Why are there still fossil fuel subsidies in the reconciliation bill?

  • Published on August 31st, 2021

In a Monday letter to party leadership, dozens of Democrats in the U.S. House of Representatives called for repealing fossil fuel industry subsidies in the reconciliation bill that lawmakers are now working on after approving the budget blueprint last week.

Why are there still fossil fuel subsidies in the reconciliation bill?By Jessica Corbett
Common Dreams

The demand for the evolving Build Back Better Act was spearheaded by Reps. Ro Khanna (D-Calif.), Ilhan Omar (D-Minn.), Carolyn Maloney (D-N.Y.), chair of the House Committee on Oversight and Reform, and backed by 51 additional Democrats. Their letter (pdf) was addressed to House Speaker Nancy Pelosi (D-Calif.) and Majority Leader Steny Hoyer (D-Md.) but also sent to other key committee leaders.

The message to Democratic leaders follows party infighting that preceded the House’s passage of the Senate-approved budget resolution that enables members of Congress to begin crafting the $3.5 trillion package. The Hill reports that “business lobbyists are increasingly optimistic that they can water down tax hikes and other measures” in the final bill, which Democrats plan to pass without any GOP support.

The letter highlights that in his fiscal year 2022 budget, President Joe Biden “committed to the inclusion of $121 billion in revenue raised from repealing fossil fuel subsidies, which includes $86 billion from tax breaks for foreign oil and gas income.”

“We are greatly appreciative of the president’s focus on repealing these harmful and wasteful subsidies,” the letter says. “We support a deal that sufficiently enhances climate justice, especially in repealing fossil fuel subsidies. Congress must follow through in implementing the president’s vision.”

Citing findings from the International Monetary Fund and the advocacy group Oil Change International, the letter points out that the U.S. ranks second in the world for supporting gas and oil companies, and “federal and state governments give the fossil fuel industry over $20.5 billion in support each year through the tax code, inadequate royalty rates, and direct funding.”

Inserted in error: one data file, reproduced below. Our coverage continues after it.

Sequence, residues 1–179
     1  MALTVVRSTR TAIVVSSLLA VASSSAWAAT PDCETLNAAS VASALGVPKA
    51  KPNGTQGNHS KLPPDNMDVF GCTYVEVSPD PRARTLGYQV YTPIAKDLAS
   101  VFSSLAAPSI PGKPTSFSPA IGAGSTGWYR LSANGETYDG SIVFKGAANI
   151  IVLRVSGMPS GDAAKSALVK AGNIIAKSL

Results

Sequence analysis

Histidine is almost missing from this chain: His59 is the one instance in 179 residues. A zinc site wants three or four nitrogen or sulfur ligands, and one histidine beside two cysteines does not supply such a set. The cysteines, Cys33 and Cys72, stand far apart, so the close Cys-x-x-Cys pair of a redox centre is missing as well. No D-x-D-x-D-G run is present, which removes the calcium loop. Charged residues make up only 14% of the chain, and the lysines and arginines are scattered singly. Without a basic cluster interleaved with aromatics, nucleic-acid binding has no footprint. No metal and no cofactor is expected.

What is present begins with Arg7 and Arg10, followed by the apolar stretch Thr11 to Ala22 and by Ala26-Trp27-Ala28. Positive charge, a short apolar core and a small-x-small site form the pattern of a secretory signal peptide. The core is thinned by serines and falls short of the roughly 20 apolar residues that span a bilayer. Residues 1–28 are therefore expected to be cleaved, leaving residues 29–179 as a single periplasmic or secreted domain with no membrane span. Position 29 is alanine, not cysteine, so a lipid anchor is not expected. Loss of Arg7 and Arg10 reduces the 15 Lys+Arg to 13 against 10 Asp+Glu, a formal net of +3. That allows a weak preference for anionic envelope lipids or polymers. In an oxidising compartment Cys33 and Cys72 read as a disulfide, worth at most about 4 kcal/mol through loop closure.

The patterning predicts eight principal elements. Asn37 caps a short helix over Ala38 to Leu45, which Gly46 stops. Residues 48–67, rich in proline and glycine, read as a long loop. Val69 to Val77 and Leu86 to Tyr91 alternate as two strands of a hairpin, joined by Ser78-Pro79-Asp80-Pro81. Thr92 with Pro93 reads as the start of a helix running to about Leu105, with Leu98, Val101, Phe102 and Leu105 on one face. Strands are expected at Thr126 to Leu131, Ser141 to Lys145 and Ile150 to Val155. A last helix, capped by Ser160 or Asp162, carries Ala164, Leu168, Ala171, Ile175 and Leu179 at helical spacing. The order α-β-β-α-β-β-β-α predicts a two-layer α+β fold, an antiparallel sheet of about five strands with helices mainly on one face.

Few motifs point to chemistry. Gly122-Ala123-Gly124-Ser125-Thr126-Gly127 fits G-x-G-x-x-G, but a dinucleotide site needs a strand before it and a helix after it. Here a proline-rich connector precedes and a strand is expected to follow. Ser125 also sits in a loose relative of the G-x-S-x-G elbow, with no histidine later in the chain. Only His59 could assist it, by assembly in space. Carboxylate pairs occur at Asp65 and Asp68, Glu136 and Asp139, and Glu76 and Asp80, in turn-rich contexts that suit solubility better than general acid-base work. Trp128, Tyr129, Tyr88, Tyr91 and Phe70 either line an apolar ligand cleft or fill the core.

The lawmakers argue that “fossil fuel subsidies should be repealed because, instead of enhancing American energy independence or creating jobs, they simply enhance the profits of fossil fuel companies,” noting research (pdf) from the Stockholm Environment Institute.

Such subsidies “are a bad deal for American taxpayers,” the Democrats assert, pointing to impacts on public health, infrastructure, and extreme weather exacerbated by global heating. They also emphasize warnings from the United Nations Intergovernmental Panel on Climate Change about the necessity of rapidly and dramatically reducing planet-heating emissions and ending government giveaways to polluters.

“Curbing subsidies for this industry would also advance racial justice. Black and Brown communities are disproportionately affected by fossil fuel pollution,” the letter says. The lawmakers further note that despite claiming at least $8.2 billion in coronavirus pandemic relief funds last year, the industry laid off 16% of its workforce—and “fossil fuel jobs are dangerous.”

“For these reasons,” the House Democrats concluded, “we implore you to include the repeal of fossil fuel subsidies in the Build Back Better Act.”

The letter comes after more than 500 groups made similar demands of Democratic leadership earlier this summer. In addition to sending a letter, the organizations rallied outside the U.S. Capitol—joined by multiple lawmakers, including Khanna and Omar.

Omar and Sen. Bernie Sanders (I-Vt.) are the lead sponsors of the End Polluter Welfare Act (H.R. 2102/S. 1167). Reintroduced this spring, the bill aims to close tax loopholes and eliminate federal subsidies for fossil fuel companies.

“Providing corporate giveaways during a time of widespread suffering to fossil-fuel companies is unconscionable,” Omar said at the time. “Our resources should go to helping the American people get through this crisis—not providing giveaways to the very people responsible for polluting our water and lands. We should be fighting for a greener, more equitable future for all instead of making the fossil fuel industry more profitable.”

This post has been updated with a tweet from Friends of the Earth Action.


(Originally appeared at Common Dreams. Our work is licensed under Creative Commons (CC BY-NC-ND 3.0). Feel free to republish and share widely.)




About the Author

Jessica Corbett is a staff writer for Common Dreams.